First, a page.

International Day

If there is one thing I wish we’d done more of in our early homeschooling years, it would be International Day. In our children’s young lives, it was a way to travel on a tight budget and expose them to other parts of the world. We ‘visited’ Australia, Germany, South Africa and Ghana – without having to leave our home, except for the library.

Our International Day studies were all done before any of my children were even of Kindergarten age, so they were very young. I’d like to say they remember it. While they don’t remember the studies themselves, they remember the people they met because of it and the food they ate. As with many things, a single exposure to a place or thing may make an impression, but it takes repeated exposures for it to be remembered. (Read more about making connections here.)

In general, our study took on this format.

  • We picked a country.
  • We read some books about the country: places, people, culture, industry, agriculture, fiction and non-fiction. Many of the things you would incorporate into any study about a country, I touched on for my young family.
  • We watched a movie that took place in that country.
  • The culmination of our week-long studies was a traditional meal that people in that country might eat.

The 4 countries we chose to start with were because we knew people either living there or who were from that place. Being from South Africa myself, that was a logical place to start. I told my aunt in Australia about our study, and she very kindly packed up some boxes with stuffed toys of Aussie origin (koala, kangaroo, wombat and kookaburra), along with some tasty treats like Anzac cookies and Vegemite, and some children’s books about the country which we incorporated into our study.

When we studied South Africa, we watched the movie Duma about a boy and his pet cheetah. When we studied Australia, we watched Napoleon, about a Labrador puppy that accidentally lifts off the ground in a basket attached to helium balloons. The story is about his travels and the Aussie animals he meets along the way. We also watched Crocodile Dundee, part of which was set in the Australian Outback.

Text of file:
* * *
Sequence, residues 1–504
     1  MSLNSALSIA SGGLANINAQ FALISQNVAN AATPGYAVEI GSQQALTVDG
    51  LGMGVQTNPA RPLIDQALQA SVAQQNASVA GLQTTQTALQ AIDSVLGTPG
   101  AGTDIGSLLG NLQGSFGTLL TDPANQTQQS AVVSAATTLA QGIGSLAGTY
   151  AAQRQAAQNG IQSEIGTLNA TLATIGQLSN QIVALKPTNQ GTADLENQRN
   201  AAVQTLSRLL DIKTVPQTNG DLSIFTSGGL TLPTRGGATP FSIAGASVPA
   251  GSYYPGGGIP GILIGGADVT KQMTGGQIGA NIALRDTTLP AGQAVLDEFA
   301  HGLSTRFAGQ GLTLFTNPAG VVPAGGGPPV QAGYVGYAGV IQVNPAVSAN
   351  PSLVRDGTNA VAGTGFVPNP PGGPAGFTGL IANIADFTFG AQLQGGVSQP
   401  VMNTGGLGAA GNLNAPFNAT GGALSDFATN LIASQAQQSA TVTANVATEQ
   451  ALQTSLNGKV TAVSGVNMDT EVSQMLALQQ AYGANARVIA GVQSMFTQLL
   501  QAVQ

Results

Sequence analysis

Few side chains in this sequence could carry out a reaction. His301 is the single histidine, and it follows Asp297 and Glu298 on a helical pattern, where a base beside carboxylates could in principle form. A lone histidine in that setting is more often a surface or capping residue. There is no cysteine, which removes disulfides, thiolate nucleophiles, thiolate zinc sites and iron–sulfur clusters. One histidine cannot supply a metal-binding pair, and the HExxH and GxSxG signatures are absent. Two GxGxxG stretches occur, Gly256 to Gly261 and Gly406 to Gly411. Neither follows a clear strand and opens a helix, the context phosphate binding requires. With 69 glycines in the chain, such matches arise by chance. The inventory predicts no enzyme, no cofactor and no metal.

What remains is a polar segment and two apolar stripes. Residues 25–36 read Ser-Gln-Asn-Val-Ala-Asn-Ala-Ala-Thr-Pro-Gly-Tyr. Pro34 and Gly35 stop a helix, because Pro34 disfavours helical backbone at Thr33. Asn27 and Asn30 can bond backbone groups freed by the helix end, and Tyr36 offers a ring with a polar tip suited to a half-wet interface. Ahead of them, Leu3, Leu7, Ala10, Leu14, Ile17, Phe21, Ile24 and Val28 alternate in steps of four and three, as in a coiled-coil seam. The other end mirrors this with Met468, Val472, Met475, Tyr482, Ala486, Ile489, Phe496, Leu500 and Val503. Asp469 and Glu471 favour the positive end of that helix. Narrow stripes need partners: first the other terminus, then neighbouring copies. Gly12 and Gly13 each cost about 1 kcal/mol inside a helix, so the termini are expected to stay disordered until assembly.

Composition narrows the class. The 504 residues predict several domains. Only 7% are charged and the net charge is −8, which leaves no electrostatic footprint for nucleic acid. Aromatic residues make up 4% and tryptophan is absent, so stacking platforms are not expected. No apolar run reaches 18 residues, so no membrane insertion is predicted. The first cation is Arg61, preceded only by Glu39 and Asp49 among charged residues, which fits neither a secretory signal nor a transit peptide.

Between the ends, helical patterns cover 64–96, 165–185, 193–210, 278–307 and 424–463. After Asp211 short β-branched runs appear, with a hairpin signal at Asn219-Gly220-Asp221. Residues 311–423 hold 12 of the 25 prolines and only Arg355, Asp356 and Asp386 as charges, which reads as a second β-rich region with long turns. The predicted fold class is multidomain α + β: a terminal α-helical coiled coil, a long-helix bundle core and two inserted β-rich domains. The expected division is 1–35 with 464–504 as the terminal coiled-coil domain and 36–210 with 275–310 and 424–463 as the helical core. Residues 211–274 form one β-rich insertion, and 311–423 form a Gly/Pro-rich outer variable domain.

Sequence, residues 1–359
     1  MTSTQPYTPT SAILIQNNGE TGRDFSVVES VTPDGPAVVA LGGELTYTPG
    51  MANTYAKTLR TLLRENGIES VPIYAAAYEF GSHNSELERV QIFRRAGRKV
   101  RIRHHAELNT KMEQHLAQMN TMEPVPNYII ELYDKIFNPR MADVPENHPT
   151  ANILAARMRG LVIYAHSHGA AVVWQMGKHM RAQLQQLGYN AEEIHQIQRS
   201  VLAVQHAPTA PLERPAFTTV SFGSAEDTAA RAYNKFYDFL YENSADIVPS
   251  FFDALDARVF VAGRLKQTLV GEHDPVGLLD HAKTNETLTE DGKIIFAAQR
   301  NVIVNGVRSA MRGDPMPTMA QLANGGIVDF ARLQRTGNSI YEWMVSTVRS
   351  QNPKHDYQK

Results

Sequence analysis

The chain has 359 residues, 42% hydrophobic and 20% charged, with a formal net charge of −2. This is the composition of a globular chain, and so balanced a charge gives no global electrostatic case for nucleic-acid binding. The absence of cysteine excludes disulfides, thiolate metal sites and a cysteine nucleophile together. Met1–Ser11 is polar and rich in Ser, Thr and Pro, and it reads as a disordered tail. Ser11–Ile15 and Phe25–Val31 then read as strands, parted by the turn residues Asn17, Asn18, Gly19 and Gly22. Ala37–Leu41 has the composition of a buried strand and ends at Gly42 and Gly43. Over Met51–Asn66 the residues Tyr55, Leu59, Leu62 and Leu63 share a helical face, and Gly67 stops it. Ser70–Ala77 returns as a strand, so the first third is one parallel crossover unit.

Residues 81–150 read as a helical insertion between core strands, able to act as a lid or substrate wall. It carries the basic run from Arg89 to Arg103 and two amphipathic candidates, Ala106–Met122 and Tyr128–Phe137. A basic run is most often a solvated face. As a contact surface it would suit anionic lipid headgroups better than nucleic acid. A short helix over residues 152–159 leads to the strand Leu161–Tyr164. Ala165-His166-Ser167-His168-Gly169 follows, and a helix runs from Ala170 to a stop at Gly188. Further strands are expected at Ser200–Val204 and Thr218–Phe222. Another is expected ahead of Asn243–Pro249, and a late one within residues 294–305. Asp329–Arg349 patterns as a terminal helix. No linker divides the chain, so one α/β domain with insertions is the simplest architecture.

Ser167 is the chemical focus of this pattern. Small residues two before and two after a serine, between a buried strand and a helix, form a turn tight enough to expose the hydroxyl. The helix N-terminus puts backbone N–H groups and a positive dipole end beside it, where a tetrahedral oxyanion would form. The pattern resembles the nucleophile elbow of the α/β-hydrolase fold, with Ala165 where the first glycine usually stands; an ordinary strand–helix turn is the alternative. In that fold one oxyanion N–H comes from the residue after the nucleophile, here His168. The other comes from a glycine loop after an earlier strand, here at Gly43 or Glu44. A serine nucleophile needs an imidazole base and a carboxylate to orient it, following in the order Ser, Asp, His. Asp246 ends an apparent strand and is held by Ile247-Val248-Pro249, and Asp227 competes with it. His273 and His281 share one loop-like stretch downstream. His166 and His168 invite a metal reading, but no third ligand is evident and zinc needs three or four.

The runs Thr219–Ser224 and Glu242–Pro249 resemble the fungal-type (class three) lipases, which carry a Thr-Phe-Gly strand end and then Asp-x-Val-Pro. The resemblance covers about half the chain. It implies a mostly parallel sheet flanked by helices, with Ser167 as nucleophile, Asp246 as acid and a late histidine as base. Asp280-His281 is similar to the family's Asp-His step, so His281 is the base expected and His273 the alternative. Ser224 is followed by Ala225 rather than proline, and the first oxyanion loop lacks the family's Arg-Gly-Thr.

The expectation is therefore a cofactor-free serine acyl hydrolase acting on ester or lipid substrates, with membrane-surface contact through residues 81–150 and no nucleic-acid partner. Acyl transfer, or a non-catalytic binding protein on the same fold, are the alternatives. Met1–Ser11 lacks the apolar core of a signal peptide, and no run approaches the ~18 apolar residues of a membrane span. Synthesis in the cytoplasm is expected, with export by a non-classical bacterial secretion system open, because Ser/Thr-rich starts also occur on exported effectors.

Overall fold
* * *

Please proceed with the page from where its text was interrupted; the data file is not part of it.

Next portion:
One of the highlights of the study was trying new foods. This reason, with the plan to expand my children’s palate for different foods, was probably the inspiration for the International Day study from the beginning. When we looked at Australia, we made food from the kids’ recipe book my aunt sent, had Vegemite sandwiches and Anzac cookies.

When we studied Ghana, a Ghanaian friend’s cousin came dressed in his typical Ghanaian clothing and prepared a traditional meat and rice dish with fried gingered plantains. Our study of Germany culminated in a delicious meal of cabbage rolls called Kohlrouladen – meatballs wrapped in blanched cabbage leaves, seared in bacon fat and then steamed in some broth, with the final touch being the addition of cream and bacon.

At the end of our week study about South Africa, we had bobotie, begrafnisrys (turmeric rice with cinnamon that might be served at funerals or other large gatherings), and malva pudding – a rich, baked, cake-like dessert, saturated with an orange cream sauce and served with a dollop of whipped cream.

While our International Day studies didn’t last very long (probably because I was still trying to find my feet as a homeschooling mom), the ideas, especially of eating foods from the region, did permeate other areas of study. For instance, I found a list of breakfast foods particular to each state and we incorporated some of them into our menu. We have also done food that was period-related in our unit studies. When we studied Genevieve Foster’s The World of Captain John Smith, we ended it with a meal from the times. We found a recipe for Pocahontas’ great-granddaughter’s chicken pot pie, and had Maids of Honor tarts for dessert, as they were sold as ‘fast food’ on London Bridge in London in the time of Queen Elizabeth I.

Part of making connections for children to help them learn and retain things you have taught them involves using the different senses. So why not add a tasty element into your study to bring it to life?

Start somewhere. You never know where it will lead you!